Ulysses, Joyce’s maniacally meticulous municipal reconstruction, both starts and ends outside Dublin. It takes Stephen the whole morning to reach the “heart of the Hibernian metropolis” (U 7.1), in the process traversing a distance of no less than seven miles of largely natural/rural landscape, from Sandycove via Dalkey and Sandymount Strand.

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Photos: 1. Sandycove, with Martello Tower at left. 2. Aerial view of Dalkey. 3.  The Sandymount Strand, with footprint.

Molly’s concluding inconclusive reverie ends by blending the reminiscence of her youthful Gibraltar self—when she was the “flower of the Mountain” (U 18.1575)—with the memory of lying with Bloom under the rhododendrons (also in full bloom) upon Howth Head, again a setting markedly non-urban.

Finally, Finnegans Wake starts, if it might be said to start at all, by picking up where Ulysses leaves off, at “Howth Castle and Environs” (FW 3.3).

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Howth Castle

Its most approximately definite Dublin setting is the suburban Chapelizod with its gigantic park—that bizarre crossover between the natural and the urban—dedicated to the Egyptian avian variety; and it ends, if it might be said to end at all, by ALP/Liffey voyaging out to meet her “cold father, [her] cold mad father, [her] cold mad feary father” (FW 628.1-2), again paralleling the opening of Ulysses and “Algy’s great sweet mother,” “the snotgreen sea, the scrotumtightening sea” (U 1.75).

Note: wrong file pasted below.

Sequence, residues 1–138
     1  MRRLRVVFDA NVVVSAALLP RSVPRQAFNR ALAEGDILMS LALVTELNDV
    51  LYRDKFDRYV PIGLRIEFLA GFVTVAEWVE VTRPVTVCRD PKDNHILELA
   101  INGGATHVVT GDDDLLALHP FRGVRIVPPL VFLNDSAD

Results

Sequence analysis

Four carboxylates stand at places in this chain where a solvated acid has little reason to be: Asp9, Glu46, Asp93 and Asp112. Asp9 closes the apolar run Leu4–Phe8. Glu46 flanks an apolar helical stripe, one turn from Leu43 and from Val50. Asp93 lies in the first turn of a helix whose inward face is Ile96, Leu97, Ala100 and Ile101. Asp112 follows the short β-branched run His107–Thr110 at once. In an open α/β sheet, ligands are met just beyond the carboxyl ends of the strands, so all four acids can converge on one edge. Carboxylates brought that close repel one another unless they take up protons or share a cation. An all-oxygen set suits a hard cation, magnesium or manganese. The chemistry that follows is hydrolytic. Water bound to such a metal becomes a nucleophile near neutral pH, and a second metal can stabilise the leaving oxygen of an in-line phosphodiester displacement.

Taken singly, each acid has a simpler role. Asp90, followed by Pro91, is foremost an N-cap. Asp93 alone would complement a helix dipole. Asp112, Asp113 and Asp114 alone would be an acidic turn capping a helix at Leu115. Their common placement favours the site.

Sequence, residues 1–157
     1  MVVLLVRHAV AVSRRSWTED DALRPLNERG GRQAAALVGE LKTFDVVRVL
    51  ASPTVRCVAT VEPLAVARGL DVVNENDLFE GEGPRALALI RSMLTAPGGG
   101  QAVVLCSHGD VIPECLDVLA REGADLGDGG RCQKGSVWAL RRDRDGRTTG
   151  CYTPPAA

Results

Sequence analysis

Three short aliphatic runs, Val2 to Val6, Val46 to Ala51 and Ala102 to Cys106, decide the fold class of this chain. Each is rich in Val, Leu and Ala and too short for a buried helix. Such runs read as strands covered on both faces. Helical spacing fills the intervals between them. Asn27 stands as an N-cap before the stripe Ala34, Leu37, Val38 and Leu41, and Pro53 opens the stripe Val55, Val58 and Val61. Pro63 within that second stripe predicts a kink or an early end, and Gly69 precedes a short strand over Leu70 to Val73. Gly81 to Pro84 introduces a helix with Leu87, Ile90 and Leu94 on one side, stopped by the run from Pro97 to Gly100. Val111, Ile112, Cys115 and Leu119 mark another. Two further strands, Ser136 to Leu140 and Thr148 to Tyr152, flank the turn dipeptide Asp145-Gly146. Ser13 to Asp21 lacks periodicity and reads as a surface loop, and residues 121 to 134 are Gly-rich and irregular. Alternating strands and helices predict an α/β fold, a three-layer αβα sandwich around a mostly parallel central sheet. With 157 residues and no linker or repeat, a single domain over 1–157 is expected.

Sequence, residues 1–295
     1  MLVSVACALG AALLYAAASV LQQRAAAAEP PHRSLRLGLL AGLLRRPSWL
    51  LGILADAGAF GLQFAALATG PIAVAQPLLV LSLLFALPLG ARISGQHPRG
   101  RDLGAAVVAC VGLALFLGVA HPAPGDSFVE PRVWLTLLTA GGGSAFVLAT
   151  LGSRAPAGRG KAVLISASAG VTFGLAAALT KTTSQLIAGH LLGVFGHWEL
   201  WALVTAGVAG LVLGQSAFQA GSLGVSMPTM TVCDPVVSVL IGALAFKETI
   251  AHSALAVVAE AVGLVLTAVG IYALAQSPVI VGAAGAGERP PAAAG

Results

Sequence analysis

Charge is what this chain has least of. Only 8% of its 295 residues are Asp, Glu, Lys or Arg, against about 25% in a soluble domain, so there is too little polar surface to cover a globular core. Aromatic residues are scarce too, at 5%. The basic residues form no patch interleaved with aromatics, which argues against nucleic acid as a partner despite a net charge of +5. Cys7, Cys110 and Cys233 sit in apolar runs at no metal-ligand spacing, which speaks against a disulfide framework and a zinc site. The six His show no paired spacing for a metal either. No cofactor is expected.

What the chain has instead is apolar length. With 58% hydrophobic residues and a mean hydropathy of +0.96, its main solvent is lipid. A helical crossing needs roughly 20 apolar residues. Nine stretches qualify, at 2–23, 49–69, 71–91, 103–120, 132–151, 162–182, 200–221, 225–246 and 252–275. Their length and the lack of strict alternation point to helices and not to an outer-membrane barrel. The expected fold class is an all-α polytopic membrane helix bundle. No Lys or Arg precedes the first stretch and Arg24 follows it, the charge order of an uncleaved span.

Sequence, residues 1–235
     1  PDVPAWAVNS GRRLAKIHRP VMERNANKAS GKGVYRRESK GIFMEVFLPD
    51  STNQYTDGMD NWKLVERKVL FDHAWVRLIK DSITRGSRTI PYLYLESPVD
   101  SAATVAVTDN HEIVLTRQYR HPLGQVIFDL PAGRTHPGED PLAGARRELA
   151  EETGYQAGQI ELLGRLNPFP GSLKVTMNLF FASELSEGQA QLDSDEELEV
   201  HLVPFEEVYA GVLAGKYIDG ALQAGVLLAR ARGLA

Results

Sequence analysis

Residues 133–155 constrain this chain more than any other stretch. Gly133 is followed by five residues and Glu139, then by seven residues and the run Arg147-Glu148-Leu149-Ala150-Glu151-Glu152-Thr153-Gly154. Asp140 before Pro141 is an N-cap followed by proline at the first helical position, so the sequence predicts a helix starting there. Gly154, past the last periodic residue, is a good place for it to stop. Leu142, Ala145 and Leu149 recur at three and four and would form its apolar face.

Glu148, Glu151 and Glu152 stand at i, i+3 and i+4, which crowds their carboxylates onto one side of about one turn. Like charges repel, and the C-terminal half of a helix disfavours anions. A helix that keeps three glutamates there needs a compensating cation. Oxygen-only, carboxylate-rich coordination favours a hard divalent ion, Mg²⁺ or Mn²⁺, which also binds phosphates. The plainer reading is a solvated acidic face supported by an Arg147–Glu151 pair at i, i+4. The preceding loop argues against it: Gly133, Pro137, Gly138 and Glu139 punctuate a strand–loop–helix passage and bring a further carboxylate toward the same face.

Chapelizod-heritage-pic

2. This binary between the urban and the natural (the particular, historical and signifying city-space and its universal, ahistorical and asignifying natural counterpart) also finds expression in Joyce’s famous pronouncement regarding his treatment of Dublin, equating in conversation with Arthur Power, “the heart of Dublin” in Ulysses with “the heart of all cities.” This cryptic statement can be (and has been) read in a number of ways: as an expression of Joyce’s modernist “deployment of the dialectic of place vs. space, of present vs. past”; as further proof of Joyce’s Aristotelian alliance with “poetic universality” vs. “historical particularity”; postcolonial criticism has read this as Joyce’s “parochial defiance of the great imperial cities” and his “impulse toward localism.” To me, it makes an even more convincing case for opening up Dublin to all other world cities, aligning Joyce’s cosmopolitan evocation with Woolf’s London, Dos Passos’s Manhattan, Benjamin’s Paris, and Döblin’s Berlin. Joyce’s pronouncement bespeaks the modernist worldview also in its markedly structuralist bent.